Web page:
Nephrotic Syndrome (NS) is a condition associated with increased loss of protein into the urine resulting in tissue swelling and eventually development of edemas. The edemas can develop in the hands, feet, ankles, and face. Edemas can even develop in the lungs where it is associated with dyspnea (shortness of breath).
Untreated or insufficiently treated NS will in many cases be associated with hypercholesterolemia, increased risk for blood clots, increased risk for infections and can develop into chronic kidney disease that is associated with increased risk of development of cardiovascular disease and risk of development of end stage kidney disease and thereby need for renal replacement therapy (dialysis or transplant).
Membranous nephropathy (MN) is one of the frequent causes of NS. MN can be primary or it can be secondary to other diseases, including systemic lupus (lupus nephritis), cancer or seen following treatment with certain drugs.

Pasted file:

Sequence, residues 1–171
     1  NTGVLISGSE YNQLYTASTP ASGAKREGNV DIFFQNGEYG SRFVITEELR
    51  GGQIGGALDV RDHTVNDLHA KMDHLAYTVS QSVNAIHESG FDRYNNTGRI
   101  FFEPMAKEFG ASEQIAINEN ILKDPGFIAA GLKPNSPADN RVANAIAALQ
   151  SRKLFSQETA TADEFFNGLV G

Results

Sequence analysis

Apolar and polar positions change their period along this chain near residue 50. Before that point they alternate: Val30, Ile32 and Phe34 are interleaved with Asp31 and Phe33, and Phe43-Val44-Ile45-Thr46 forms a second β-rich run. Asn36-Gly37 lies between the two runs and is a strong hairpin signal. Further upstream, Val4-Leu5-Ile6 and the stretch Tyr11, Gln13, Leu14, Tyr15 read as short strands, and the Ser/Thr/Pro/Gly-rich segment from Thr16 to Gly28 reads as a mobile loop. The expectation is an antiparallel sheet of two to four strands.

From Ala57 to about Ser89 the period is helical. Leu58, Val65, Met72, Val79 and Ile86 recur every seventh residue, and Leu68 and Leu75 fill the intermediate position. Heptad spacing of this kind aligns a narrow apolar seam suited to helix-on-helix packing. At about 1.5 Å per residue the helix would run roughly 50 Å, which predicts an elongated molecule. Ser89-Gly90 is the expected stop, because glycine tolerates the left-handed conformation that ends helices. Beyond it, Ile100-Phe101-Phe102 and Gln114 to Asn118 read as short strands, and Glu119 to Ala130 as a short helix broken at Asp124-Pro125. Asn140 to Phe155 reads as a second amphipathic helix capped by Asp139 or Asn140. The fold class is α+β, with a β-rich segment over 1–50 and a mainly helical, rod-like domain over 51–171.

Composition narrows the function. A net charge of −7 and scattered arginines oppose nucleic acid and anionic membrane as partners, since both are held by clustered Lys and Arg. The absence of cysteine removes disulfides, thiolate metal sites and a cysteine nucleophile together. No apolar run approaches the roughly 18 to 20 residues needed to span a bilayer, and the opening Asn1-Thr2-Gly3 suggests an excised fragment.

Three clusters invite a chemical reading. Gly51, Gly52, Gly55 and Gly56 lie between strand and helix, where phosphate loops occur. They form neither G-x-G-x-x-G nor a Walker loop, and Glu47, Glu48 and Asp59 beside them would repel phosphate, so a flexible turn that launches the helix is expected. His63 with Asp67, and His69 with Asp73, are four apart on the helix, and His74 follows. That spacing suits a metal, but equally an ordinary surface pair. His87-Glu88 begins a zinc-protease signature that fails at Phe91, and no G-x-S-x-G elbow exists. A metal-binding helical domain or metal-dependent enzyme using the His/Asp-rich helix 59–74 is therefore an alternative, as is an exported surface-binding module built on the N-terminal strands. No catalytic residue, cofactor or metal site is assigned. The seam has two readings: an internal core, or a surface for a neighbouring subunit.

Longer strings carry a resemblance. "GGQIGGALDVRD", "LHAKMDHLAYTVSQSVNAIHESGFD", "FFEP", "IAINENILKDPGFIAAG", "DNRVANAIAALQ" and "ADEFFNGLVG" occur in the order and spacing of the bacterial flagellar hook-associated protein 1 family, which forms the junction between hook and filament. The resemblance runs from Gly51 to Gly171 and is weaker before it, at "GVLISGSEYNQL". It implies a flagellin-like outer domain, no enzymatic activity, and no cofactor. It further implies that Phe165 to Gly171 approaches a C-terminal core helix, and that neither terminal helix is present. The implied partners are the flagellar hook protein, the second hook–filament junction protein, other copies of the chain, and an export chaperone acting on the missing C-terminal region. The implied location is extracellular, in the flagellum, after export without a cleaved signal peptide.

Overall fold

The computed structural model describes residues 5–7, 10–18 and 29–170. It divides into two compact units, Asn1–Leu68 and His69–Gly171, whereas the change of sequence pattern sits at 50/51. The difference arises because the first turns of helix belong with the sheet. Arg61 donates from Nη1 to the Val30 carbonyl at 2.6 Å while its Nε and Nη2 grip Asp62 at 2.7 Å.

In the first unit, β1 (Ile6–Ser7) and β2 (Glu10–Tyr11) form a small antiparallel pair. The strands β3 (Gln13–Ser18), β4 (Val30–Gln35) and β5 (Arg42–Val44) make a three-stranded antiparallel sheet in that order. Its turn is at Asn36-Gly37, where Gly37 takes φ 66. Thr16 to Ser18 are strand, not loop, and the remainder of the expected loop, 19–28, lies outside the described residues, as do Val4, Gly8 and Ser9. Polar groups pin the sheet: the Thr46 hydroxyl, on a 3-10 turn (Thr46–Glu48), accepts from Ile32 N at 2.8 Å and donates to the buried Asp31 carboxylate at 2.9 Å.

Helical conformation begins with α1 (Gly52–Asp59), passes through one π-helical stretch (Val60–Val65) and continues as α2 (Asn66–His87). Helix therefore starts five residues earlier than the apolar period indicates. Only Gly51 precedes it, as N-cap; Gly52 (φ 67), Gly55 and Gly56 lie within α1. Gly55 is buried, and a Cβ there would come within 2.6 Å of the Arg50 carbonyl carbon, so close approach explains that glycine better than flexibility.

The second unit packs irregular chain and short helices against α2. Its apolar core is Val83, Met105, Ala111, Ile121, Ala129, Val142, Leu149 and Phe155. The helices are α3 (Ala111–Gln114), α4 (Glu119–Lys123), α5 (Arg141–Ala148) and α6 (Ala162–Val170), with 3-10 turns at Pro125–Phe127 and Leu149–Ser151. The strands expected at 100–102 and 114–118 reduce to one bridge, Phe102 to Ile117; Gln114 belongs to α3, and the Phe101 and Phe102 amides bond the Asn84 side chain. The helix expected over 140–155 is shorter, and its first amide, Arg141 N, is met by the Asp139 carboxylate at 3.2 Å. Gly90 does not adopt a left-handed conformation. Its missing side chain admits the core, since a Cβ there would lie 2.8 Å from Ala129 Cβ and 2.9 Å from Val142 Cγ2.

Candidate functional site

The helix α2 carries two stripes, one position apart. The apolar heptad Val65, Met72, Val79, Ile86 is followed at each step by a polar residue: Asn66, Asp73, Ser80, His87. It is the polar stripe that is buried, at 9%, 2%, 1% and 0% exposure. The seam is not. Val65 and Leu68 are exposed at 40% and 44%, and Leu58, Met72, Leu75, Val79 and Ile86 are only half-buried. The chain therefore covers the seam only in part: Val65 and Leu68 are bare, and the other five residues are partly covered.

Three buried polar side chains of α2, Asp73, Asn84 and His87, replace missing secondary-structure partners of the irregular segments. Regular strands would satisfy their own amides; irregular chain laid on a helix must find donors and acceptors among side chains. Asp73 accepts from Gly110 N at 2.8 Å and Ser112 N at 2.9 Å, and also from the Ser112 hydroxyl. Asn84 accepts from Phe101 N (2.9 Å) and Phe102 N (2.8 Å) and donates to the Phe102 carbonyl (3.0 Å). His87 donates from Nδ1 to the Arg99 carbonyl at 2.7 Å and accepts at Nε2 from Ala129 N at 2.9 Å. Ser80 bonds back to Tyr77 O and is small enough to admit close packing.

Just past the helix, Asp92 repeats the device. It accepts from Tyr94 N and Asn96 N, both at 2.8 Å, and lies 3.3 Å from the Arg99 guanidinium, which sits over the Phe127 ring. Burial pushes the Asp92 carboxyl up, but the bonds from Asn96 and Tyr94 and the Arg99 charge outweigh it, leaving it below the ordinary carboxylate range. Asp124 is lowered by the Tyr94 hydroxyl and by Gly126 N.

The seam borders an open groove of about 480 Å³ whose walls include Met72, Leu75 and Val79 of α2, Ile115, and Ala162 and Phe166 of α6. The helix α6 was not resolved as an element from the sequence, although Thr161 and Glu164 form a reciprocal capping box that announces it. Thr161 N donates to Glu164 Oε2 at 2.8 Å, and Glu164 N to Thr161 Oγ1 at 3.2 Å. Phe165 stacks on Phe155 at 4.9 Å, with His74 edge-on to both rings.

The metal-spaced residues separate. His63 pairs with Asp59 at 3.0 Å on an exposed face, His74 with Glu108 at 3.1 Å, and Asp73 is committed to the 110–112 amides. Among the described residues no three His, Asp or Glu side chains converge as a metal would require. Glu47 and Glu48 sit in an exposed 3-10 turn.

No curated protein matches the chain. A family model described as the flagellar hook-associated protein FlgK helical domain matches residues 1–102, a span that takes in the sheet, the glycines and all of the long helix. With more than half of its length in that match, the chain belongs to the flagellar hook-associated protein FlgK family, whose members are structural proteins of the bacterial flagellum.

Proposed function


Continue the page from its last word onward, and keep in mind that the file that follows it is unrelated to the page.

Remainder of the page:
Clinical development of resomelagon (AP1189) in idiopathic membranous nephropathy (iMN)
Resomelagon (AP1189) is being tested in an exploratory, randomized, double-blind, multicenter, placebo-controlled Phase 2a study with repeated once-daily 100 mg dosing to assess the safety, tolerability, pharmacokinetics, and efficacy of resomelagon (AP1189). The study population consists of patients with iMN with severe proteinuria who are on an ACE inhibitor or angiotensin II receptor blocker treatment.
In July 2022, the company submitted a protocol amendment which was approved in September. This amendment introduces the new oral tablet as well as a longer 3-month dosing duration. The benefit of this redesign is that it increases the likelihood to show significant treatment effect on urinary protein excretion, the main efficacy read-out in the study, and increase patient compliance as a once-daily dosing with a tablet is much more convenient than daily intake of an oral suspension. The figure
below provides an overview of the design of the iMN clinical trial.